Zeus had been on their radar for almost a year, but no one seemed to be able to identify him, let alone catch him. His name traveled in the circles of drug runners, crack houses, meth labs and hit men. If it was dirty and illegal, Zeus was probably involved in it. Mad Dog nearly caught him eight months ago. Tipped off by a dealer who wanted to barter a shorter sentence, Mad Dog discovered Zeus set up an appointment to talk about a large shipment of drugs out of Seattle. The stake-out collapsed when one of Zeus’ bodyguards caught on to the scheme and Mad Dog went running after the elusive figure known as Zeus, getting close enough to smell the fear surrounding him as he fled.
With no idea what his face looked like, Mad Dog had the department’s artist create a sketch featuring a tall, fit man with dark hair and skin.
Shortly after the encounter, Mad Dog received a QR Code in the mail. Arriving in a plain brown envelope, the code was printed on a piece of white cardstock. Scanning it, the code landed on a page that simply said “Back off!”
Mad Dog had all their techie experts try to find where and how the website was built, to pull an IP address, but the page was impenetrable.
Furious beyond belief, Mad Dog doubled the efforts being put into hunting down Zeus. Three weeks later, Zeus shot Elaine Weber in her car on her way home from the grocery store. Shortly after the killing, Mad Dog received another QR code that scanned into a video showing Elaine being shot along with the words, “I told you to back off. Now maybe you’ll listen.”
Rousing from the vicious memories, Mad Dog listened to the conversation going on between their undercover cop and one of the men who worked for Zeus.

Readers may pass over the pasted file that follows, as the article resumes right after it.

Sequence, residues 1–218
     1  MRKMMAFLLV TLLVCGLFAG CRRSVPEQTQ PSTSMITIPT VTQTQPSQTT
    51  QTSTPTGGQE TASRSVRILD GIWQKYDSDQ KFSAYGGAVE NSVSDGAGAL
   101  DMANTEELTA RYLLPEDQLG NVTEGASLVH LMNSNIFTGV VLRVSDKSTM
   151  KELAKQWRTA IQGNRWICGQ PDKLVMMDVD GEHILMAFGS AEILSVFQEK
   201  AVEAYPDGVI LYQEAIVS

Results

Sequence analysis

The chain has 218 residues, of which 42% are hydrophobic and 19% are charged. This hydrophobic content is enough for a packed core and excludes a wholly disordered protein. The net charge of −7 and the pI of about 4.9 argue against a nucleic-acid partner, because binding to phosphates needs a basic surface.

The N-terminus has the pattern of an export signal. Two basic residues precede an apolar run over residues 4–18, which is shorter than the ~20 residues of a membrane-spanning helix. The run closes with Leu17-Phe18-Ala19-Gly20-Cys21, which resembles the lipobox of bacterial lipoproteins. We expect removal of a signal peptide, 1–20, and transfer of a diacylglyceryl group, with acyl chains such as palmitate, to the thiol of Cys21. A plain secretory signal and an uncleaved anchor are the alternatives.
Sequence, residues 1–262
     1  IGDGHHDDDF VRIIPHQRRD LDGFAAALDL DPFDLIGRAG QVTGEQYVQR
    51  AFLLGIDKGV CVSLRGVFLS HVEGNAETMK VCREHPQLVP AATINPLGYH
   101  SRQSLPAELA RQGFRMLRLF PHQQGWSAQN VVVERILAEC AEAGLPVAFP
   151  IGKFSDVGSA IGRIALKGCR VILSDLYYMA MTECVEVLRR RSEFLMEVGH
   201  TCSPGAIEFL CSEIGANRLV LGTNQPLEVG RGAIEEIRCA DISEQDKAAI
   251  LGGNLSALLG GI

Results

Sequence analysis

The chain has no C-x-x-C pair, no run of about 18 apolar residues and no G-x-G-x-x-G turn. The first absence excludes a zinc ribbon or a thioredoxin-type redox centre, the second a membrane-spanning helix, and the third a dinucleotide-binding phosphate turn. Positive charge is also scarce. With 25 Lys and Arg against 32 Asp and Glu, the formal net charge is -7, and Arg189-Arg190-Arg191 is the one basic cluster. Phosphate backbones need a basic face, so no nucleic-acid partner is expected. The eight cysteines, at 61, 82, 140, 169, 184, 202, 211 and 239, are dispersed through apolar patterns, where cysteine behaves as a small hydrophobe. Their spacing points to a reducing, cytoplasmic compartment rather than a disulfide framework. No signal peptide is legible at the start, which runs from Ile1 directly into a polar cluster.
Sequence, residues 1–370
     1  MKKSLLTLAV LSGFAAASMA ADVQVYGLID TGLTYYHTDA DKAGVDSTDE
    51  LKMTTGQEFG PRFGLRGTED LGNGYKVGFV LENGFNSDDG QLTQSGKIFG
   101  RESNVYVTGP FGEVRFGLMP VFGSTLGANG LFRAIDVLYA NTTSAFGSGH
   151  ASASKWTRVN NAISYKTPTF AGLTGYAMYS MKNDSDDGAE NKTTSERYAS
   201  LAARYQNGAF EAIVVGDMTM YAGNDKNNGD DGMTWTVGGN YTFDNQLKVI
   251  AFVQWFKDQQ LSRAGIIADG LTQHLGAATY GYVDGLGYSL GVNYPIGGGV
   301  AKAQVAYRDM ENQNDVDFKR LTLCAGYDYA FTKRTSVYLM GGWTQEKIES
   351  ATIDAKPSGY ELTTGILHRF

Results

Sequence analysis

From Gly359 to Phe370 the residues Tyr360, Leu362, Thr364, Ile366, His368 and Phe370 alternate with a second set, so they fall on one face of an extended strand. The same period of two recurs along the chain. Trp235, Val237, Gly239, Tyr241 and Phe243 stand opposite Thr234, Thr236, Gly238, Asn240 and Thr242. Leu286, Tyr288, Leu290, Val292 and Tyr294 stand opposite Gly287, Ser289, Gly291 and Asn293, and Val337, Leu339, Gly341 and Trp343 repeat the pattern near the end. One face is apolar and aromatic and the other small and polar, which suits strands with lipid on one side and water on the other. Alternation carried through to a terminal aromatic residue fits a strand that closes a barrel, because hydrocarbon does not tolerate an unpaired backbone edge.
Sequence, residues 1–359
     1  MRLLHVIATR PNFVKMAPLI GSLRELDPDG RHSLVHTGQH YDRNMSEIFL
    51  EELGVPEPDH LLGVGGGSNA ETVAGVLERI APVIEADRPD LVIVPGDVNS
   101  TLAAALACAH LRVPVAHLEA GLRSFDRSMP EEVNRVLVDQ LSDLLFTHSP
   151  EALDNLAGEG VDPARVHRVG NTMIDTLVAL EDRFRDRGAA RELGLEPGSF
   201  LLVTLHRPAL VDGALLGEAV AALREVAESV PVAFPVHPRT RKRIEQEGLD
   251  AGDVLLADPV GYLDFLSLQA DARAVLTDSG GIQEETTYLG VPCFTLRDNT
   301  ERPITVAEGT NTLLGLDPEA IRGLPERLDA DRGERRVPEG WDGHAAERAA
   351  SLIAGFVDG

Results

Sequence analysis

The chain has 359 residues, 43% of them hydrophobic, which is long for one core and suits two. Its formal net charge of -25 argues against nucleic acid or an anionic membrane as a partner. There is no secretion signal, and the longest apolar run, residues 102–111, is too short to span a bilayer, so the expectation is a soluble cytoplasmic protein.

Hearing the phrase, “right on time,” Mad Dog recognized the signal to get into position.
With a tightened grip on the Glock, Mad Dog took a careful look around. Something didn’t feel right. Something was off. Muscles tense, Mad Dog waited.
“You’re a cop! You’re wearing a wire!” buzzed through the earpiece.
Knowing there was another cop in the shadows of the alley who would watch the back door, Mad Dog took off at a dead run. Clearing the corner of the building, Devin and two other officers, Glen and Danny, were already chasing down Zeus’ man. Heading toward the pier, he kept right on running. Devin was gaining on him and Mad Dog wasn’t far behind.
Devin took a shot and missed, but the runner stopped and drew a gun.
“Unless you want your pretty boy face blown to oblivion, turn around and leave.”
“I don’t think so,” Devin said, standing a few feet away. “Drop your weapon or I’ll shoot you.”
“Not happening, pretty boy.”
“I said, drop your weapon.” Devin’s voice sounded rough and harsh, a sharp contrast to his blue eyes, blond hair and guy-next-door looks.
Mad Dog stood with the other two officers, guns drawn, hoping they wouldn’t have to shoot. They needed this guy alive so they could pump him for information about Zeus.
“No can do,” the man said and fired. Devin took the bullet as he propelled himself into the gunman, carrying them both off the edge of the pier. Two more gun shots rang out as Mad Dog and the officers ran to the edge.
“No, Devin. No!” Mad Dog frantically tugged off the stained coat, the moth-eaten hat and ripped at the bullet proof vest covering her chest. She could hear Danny and Glen both yelling into their mics requesting back up and equipment.
This would happen on a night as dark as sin. The lights on the pier did nothing to penetrate the blackness of the lapping water below.